The Bates Student - November 6, 1998


Production of Neil Simon's "Chapter Two" a success

Style Editor

A writer struggles to cope with the recent death of his wife. His matchmaking brother sets him up with a lively actress. In Neil Simon's play, "Chapter Two," directed by Jonathan Adler '00, George Schneider and Jennie Malone attempt to overcome their memories of the past and embrace an exciting new romance.

"Chapter Two," based in part on Simon's life, was performed in October during Back to Bates weekend. A Robinson Players production, it featured John Stockwell Payne '01 as George Schneider, John Ambrosino '01 as George's brother Leo Schneider, Emily Pritchard '00 as Jennie Malone, and Julie Shadford '01 as Faye Medwick, Jennie's vivacious best friend.

I saw the play on Friday night, October 16th, and was impressed with the performances given by the actors. They were all convincing in their roles, keeping the audience laughing at their antics while lamenting their troubles.

John Payne and Emily Pritchard were especially mesmerizing in their performances; both captured the spirits of their characters in portraying the emotions and upheavals accompanying their whirlwind romance.

The audience certainly responded well to the performance- many characterized it as one of the best plays they had seen at Bates. Although the audience was not as big as he would have liked, director Jon Adler felt that the reception from those who did come was overwhelming. "The play really got to people," he said. "It was a quality script and a quality cast whose on- stage chemistry and energy really fed into the audience."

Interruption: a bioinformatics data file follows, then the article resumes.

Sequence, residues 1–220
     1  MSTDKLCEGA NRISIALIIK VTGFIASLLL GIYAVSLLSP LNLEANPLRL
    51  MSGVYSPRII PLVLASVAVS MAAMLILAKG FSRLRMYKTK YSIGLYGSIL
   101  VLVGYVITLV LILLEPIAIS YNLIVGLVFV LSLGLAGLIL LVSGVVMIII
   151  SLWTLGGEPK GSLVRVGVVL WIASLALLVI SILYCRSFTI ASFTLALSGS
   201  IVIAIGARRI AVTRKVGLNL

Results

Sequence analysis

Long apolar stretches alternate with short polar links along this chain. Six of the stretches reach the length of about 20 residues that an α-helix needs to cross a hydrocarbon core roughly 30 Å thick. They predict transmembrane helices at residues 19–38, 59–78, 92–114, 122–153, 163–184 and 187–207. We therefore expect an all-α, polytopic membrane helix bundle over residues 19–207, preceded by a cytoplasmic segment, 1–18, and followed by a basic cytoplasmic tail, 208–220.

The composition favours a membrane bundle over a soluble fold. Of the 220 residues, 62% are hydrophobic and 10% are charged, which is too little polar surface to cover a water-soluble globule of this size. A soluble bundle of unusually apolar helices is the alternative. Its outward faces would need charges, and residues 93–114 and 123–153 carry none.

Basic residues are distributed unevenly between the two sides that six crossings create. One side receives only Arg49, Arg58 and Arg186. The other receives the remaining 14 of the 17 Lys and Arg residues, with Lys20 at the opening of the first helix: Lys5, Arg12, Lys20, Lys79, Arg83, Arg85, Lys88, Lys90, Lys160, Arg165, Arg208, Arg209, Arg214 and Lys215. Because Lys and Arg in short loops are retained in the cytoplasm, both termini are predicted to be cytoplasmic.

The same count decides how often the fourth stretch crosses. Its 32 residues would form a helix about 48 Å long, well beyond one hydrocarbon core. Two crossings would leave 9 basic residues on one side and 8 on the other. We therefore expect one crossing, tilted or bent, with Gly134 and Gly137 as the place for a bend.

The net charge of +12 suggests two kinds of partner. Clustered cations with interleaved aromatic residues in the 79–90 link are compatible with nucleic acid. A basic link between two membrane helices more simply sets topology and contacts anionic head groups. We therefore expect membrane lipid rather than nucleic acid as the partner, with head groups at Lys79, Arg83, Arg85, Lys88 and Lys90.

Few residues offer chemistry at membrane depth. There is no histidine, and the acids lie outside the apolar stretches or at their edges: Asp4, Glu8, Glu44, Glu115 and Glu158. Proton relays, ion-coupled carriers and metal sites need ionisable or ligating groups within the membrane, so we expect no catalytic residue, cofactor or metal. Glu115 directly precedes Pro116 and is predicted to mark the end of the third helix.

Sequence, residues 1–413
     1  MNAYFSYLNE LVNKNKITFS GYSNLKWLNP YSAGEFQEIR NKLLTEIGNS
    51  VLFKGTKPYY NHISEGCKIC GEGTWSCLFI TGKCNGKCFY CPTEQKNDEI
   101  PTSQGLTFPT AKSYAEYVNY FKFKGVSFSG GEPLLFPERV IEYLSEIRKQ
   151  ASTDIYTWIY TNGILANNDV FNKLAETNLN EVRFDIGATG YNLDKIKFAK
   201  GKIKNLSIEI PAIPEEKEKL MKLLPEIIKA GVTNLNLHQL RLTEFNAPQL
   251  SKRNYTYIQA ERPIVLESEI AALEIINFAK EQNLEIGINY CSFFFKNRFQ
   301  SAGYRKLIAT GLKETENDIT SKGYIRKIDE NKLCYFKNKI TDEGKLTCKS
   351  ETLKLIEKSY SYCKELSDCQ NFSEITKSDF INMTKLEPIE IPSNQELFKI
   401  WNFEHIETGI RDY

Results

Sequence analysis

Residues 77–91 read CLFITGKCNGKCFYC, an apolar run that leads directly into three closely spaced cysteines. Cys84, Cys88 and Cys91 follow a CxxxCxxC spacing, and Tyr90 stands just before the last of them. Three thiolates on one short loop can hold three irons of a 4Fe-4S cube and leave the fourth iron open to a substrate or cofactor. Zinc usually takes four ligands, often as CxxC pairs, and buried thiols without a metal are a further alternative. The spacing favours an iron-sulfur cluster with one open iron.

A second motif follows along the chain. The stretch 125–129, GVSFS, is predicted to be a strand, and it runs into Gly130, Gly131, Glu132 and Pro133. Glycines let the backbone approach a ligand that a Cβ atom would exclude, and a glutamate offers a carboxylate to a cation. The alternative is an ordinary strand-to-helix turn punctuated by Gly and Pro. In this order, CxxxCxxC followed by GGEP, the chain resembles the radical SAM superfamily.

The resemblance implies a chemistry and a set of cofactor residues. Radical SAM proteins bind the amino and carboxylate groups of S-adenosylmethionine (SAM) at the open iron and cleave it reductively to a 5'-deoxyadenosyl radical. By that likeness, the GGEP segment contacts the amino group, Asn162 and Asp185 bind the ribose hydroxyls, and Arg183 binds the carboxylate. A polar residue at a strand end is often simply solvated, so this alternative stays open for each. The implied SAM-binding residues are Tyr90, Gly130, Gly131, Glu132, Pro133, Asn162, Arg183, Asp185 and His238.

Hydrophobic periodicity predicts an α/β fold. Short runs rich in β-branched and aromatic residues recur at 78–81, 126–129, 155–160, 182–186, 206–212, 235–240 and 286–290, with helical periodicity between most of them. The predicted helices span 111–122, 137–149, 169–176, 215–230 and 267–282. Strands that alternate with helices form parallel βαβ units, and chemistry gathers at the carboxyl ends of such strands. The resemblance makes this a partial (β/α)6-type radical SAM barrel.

Adler had been preparing for this play since last spring. He chose the comic drama because he believed Neil Simon's reputation as a Pulitzer Prize and Tony winner would appeal to a number of people. He also chose one of Simon's play because they are both funny and serious; you laugh at the characters but at the same time gain real insight into their personalities.

The four actors, chosen from auditions held during short term, received their scripts over the summer.

Adler said that, as a director, he is process- oriented, concerned with preparing for the performance, not focused solely on the final product. Because most of the cast members had not previously known each other, Adler sought to build a level of trust and comfort among them, mainly through improv exercises and discussions about cast dynamics

The cast members not only had to prepare for the play by mastering the script, but they also had to do much of the technical work. Because the Robinson Players is a student- run theater group, it is independent of the theater department. The cast mostly had to rely on themselves- they were given only the theater, lights, and wood. On just a $500 budget, they built and painted the sets.

Adler noted that in general, campus support for theater is good. Charging admission does hurt the audience but given the funding, it is needed to do the plays. As Adler, who hopes to direct another play next year, said, "Audiences are generally good and enthusiastic and that is what's important."

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Last Modified: 11/08/1998
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